Donne biryani in Bangalore
It is 6 a.m., but we’re already late. The streets are deserted except for a dog slowly waking up near the entrance to the Anjaneyaswamy temple on the main road. We are in the old city, the petes from the 16th century, built by Kempegowda I. The streets are narrow and tumbledown, but in an hour or two, they will be teeming with humanity.
We are here after a long, late night of cigarettes and whiskey, for a breakfast of biryani. Typically, this celebrated dish of spiced meat and rice is feast food, served at weddings, parties and festivals. Biryani for breakfast raises eyebrows. But in India’s southwestern state of Karnataka, the specialty donne biryani—dished out in palm-leaf bowls—is often served as a last meal before the end of a long night, especially in Bangalore’s old city.
We meet a friend in the backstreet, at a crossroads. The restaurant she is taking us to is frequented by truckers who have driven through the night and need a substantial meal before they turn in for the day. It is also frequented, in lesser numbers, by young partygoers searching for comfort food before calling it a night. In India, despite the international cuisine now available, nothing hits the spot quite like a meal of rice eaten by hand.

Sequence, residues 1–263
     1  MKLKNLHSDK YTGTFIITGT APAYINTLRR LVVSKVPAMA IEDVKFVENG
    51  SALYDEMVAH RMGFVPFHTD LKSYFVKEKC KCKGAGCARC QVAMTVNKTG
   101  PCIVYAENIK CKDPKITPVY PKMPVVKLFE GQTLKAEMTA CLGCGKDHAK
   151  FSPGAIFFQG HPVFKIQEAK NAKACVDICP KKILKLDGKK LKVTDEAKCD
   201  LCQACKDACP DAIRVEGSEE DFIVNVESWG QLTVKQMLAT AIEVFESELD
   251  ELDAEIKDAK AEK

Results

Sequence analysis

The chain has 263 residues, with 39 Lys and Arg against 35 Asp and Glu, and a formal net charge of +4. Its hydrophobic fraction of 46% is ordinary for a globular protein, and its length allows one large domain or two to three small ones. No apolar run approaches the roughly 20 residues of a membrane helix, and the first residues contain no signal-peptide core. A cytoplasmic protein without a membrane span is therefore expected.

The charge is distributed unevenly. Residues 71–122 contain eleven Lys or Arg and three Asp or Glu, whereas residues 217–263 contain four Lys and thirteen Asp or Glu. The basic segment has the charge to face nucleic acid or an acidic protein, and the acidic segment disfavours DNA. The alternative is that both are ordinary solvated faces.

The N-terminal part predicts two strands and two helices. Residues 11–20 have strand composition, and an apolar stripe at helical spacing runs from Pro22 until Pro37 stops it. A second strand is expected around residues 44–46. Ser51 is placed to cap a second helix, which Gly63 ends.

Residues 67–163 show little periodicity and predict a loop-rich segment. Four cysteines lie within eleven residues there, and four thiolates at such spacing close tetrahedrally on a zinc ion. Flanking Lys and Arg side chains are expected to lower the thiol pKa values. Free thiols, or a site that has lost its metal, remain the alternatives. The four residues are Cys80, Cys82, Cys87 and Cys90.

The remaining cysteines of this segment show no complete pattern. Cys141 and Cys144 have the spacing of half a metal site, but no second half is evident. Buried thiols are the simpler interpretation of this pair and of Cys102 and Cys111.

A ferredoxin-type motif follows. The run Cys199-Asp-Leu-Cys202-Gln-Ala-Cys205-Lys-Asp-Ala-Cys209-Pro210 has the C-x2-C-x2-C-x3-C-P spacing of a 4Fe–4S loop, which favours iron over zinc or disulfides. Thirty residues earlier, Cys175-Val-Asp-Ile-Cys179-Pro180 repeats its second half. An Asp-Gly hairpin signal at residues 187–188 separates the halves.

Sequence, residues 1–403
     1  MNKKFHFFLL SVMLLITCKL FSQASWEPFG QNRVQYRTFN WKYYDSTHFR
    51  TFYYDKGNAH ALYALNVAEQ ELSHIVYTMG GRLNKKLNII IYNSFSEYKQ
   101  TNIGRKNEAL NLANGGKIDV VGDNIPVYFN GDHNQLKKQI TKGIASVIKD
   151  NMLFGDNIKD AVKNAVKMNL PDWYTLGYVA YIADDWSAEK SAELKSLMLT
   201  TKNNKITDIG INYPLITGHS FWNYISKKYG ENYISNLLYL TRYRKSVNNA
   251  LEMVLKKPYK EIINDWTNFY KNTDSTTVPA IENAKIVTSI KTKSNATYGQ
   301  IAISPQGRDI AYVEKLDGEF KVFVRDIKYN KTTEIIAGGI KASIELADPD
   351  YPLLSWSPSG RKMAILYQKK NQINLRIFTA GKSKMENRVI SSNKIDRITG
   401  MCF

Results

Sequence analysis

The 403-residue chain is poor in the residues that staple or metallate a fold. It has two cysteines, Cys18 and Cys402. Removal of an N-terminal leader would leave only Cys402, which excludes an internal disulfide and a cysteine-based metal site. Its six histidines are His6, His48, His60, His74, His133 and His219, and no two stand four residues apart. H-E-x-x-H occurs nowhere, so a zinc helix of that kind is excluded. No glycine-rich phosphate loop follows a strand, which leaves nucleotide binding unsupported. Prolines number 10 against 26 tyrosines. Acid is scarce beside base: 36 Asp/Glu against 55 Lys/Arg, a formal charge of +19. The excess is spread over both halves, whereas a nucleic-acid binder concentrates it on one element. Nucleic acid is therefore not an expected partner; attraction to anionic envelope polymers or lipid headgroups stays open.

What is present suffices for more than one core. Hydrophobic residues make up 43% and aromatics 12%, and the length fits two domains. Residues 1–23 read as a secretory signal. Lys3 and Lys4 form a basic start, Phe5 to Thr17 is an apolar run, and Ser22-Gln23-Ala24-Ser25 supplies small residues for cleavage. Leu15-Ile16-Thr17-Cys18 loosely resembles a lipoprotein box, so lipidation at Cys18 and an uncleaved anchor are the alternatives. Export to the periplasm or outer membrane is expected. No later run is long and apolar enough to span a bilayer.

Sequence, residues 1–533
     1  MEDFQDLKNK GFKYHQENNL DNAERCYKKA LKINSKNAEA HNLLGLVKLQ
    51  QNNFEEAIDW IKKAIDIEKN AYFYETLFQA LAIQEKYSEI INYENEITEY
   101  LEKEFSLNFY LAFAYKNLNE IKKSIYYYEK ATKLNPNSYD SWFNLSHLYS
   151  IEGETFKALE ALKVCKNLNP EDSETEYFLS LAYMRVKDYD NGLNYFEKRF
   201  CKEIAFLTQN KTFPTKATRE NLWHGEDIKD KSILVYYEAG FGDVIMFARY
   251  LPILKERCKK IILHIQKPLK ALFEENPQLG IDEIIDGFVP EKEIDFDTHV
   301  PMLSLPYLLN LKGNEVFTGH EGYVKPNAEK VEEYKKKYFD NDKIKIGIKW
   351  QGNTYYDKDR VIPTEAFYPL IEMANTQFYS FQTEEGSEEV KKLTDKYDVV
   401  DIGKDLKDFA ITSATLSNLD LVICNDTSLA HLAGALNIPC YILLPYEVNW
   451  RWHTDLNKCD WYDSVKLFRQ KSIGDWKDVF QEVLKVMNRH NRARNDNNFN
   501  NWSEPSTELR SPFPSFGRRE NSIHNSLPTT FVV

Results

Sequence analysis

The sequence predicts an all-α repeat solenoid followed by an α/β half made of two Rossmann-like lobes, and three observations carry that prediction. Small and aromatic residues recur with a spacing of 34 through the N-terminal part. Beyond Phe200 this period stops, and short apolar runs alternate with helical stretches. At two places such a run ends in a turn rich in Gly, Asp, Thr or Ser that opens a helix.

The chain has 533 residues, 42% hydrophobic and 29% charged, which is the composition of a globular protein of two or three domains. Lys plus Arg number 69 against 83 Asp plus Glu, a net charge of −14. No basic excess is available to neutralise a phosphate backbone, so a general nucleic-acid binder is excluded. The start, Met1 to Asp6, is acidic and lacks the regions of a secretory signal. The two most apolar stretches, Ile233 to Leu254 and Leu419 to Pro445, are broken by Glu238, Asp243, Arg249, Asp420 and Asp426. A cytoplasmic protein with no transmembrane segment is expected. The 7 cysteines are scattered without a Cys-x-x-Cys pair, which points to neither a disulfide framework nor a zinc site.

We follow her as she confidently navigates this labyrinth of streets to find the restaurant. We snake left, right, left again, and then abruptly turn into the only place that isn’t still shuttered. Inside, the room is humming with activity. The kitchen is noisy, but no one seems to be speaking. A man in the corner sits at a small cash register, and about 12 diners politely inch around each other in the cramped space, picking up plates from the kitchen counter, then accommodating themselves along a wall lined with a steel counter that doubles as a standing table.
My friend leans in and holds up four fingers, “Nalku!” There isn’t a menu because they only serve one dish; you simply stick your head in and call out the number of plates you want.
A green palm leaf lines the plate, and a neat heap of donne biryani, tinged green with coriander and mint, is topped with a quarter of red onion, a wedge of lime and half a boiled egg. There are two pieces of nati koli, or country chicken, buried under the fragrant short-grained rice.
It is a gentle but filling meal, mildly spiced, unlike the fiery Andhra biryani that has earned a cult following, or the decadently rich Mughlai biryani served at weddings. But a hot meal of rice is a feast at this hour.